I had already prayed and trusted that my son would walk again. Part of the process for me, to watch everything that seemed to go wrong, to be made right.

That night, I waited with a prayerful heart. I’m not sure if I was asleep or awake. But one thing is for certain: I saw three images hovering at my son’s bedside working diligently repairing his leg. When the doctor came in the next morning to do his evaluation, he was stunned and had only one thing to say, “His leg is straight.”

I told the doctor about the angels I saw working on my son’s leg overnight. I’m not sure he believed me. Perhaps he even thought I was a bit punch-drunk. But to this day, I can still see the images God placed on my heart, of those who worked that night, to make things right.

For 30 years, our son has walked with a steel rod and several pins inside his femur. He has so many pins and screws in his tibia that you would think you were looking at a laced-up pair of hiking boots if seen under an X-ray.

There will be more surgeries in store. In as much as I want to honor process, it does cause me to ask God, “why” or “when will this all end?” And why wouldn’t we ask those questions? It seems like we are plagued with hurt or loss or inability almost every single day. To put it into something we all can understand, that same hurt, loss or inability takes on a whole new identity. Time. Not only do we wonder how to deal with something, now we are left trying to understand how to speed up or reset time.

In the Book of Joel, God has promised that he will restore and redeem the years the locusts have eaten. Gnawing locust, swarming locust, creeping locust and consuming locust have certainly taken their toll on this family and many, many others.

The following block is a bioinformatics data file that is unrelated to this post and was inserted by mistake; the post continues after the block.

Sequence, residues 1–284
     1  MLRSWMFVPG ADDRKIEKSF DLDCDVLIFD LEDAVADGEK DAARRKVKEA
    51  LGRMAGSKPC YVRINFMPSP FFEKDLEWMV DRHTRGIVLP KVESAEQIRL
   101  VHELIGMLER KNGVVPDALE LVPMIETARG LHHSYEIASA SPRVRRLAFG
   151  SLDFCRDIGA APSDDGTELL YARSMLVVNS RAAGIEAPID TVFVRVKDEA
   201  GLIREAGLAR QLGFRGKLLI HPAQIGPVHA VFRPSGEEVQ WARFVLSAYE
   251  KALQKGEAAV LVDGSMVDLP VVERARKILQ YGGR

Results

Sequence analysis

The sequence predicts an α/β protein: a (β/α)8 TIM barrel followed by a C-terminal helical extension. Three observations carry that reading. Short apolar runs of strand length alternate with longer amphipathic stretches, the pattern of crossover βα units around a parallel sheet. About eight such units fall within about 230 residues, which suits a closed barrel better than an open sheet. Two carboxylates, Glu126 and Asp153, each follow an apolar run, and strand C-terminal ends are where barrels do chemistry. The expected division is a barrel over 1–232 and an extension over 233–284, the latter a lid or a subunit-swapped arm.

Redemption comes, but it doesn’t come with a click of the finger. It comes as part of a process, and even that, just one act at a time. In order to put things back new, God intricately works things through to completion. While all we are interested in is the finish line, for God, it starts by repairing one bone at a time.

“When one part of the body is out of joint, then the whole body must be fitted and held together with which every joint supplies. According to the proper working of each individual part, causes the growth of the body for the building up of itself in love.” — Ephesians 4:16.

This week we waited one more time in a waiting room for the doctor to explain about our son’s condition, next steps or things to be mindful of. We have come to accept that all of this information and guidance we receive is more than just a bunch of parts that need to be fixed, but part of an end to end process that has a greater finish.

Final brushstroke: It doesn’t matter how many pesky locusts have gnawed, chewed and consumed all that is important to us. Sometimes, it’s hard to believe that the damage we see isn’t beyond repair. Thankfully, we have a loving God who is in the business of restoring and reconciling everything to himself. And just like the time the locust has consumed, God promises to restore the years lost in the process.